This is a Tale of Two Mothers – Hannah of the Old Testament and Mary of the New Testament.
Hannah and Mary both lived in times of uncertainty and transition. Hannah lived in Israel during the time of Judges. After 350 years the Israelites were looking at other nations and noticing they had Kings at their head and started demanding a King to be their governor.
Mary, a young woman from Nazareth lived a thousand years after Hannah. After the Jews were carried away captive into Babylon a few returned to Israel to rebuild their nation only to see it taken over by the Selecids. A revolt by the Maccabees resulted in a free Jewish nation for a time. But, now the Romans and their appointed king, Herod, ruled over the Jews.
Hannah was the wife of Elka’nah who also was the husband to Penin’nah. She had bore him many children, but Hannah was barren. In Israel having many children was a blessing. Hannah pleaded with God at the temple, “Give me a son and I will give him back to you for all the days of his life.” Eli, the priest, told her that her prayer would be answered. Sure enough, Hannah name the boy Samuel, meaning, “I have asked him of the Lord. As promised when Samuel is weaned, she gives him to Eli to raise. At that time she offered up a song of thanksgiving.
My heart exults in the Lord; my strength is exalted in the Lord. My mouth derides my enemies, because I rejoice in thy salvation.
There is none holy like the Lord, there is none besides thee; there is no rock like our God.
Talk no more so very proudly, let not arrogance come from your mouth; for the Lord is a God of knowledge, and by him actions are weighed.
The bows of the mighty are broken, but the feeble gird on strength.
Those who were full have hired themselves out for bread, but those who were hungry have ceased to hunger. The barren has borne seven, but she who has many children is forlorn.
The Lord kills and brings to life; he brings down to Sheol and raises up.
The Lord makes poor and makes rich; he brings low, he also exalts.
He raises up the poor from the dust; he lifts the needy from the ash heap, to make them sit with princes and inherit a seat of honor. For the pillars of the earth are the Lord’s, and on them he has set the world.
He will guard the feet of his faithful ones; but the wicked shall be cut off in darkness; for not by might shall a man prevail.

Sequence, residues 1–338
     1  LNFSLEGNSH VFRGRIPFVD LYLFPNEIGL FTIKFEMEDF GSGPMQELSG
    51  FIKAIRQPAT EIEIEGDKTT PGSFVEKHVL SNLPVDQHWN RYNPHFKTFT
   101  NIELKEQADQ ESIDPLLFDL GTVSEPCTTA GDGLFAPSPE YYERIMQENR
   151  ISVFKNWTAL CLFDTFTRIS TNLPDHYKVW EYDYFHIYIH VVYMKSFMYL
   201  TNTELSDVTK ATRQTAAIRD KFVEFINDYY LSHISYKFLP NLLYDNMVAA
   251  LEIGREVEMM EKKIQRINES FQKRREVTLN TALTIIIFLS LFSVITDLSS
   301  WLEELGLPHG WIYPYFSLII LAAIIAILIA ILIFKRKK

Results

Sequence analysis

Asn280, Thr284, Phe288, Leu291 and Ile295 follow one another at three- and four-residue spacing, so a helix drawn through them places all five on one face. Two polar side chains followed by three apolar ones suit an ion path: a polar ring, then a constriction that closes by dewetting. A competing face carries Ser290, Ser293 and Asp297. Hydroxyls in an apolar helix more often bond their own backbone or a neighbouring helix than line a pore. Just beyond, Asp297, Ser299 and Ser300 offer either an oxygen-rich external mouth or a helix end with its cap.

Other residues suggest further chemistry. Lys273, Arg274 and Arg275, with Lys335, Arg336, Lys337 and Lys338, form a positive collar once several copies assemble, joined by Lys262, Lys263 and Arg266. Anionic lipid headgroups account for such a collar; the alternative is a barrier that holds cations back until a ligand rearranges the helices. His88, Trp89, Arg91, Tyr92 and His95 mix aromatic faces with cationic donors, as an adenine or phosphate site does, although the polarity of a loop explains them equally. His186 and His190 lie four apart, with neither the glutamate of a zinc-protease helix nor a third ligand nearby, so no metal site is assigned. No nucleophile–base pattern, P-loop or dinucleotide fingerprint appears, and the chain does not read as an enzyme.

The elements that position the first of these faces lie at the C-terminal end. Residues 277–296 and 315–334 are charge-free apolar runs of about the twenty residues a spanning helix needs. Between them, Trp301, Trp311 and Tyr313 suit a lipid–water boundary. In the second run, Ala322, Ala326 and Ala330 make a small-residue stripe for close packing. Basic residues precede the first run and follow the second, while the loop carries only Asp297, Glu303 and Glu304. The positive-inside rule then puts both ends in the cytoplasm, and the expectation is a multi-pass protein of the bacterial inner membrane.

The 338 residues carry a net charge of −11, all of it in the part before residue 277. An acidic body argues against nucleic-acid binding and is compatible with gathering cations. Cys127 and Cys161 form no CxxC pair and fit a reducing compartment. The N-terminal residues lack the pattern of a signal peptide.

The adversaries of the Lord shall be broken to pieces; against them he will thunder in heaven. The Lord will judge the ends of the earth; he will give strength to his king, and exalt the power of his anointed.
Mary received a visit from the angel, Gabriel who told her she was to be the mother of the Messiah. Soon afterwards she traveled to visit her cousin, Elizabeth, who is also pregnant. Elizabeth greets her warmly. Mary responds with a song of thanksgiving.
My soul magnifies the Lord, and my spirit rejoices in God my Savior, for he has regarded the low estate of his handmaiden.
For behold, henceforth all generations will call me blessed; for he who is mighty has done great things for me, and holy is his name.
And his mercy is on those who fear him from generation to generation.
He has shown strength with his arm, he has scattered the proud in the imagination of their hearts,
He has put down the mighty from their thrones, and exalted those of low degree; he has filled the hungry with good things, and the rich he has sent empty away.
He has helped his servant Israel, in remembrance of his mercy, as he spoke to our fathers, to Abraham and to his posterity forever.
Many of the characters and event in the New Testament have types in the Old Testament. Hannah is a type of Mary. The parallels and imagery of the two prayers or songs are blatant. They both reference the poor and down-trodden, the mercy of God, etc. Mary must have studied the scriptures and read Hannah’s song many times. She may have memorized it and applied the words until they became her words, her feelings. What a reunion it must have been in heaven when the two met again. They may have compared stories of how they both handed over their first born sons to God to raise and their thoughts and fears and blessings and testimonies.
Who do you relate to in the scriptures? Who is your mentor and hero?
For me I have liked Eliza R. Snow and love to hear her stories and read her poetry (hymns). I admire her work and feel a connection to her. I look forward to meeting her one day.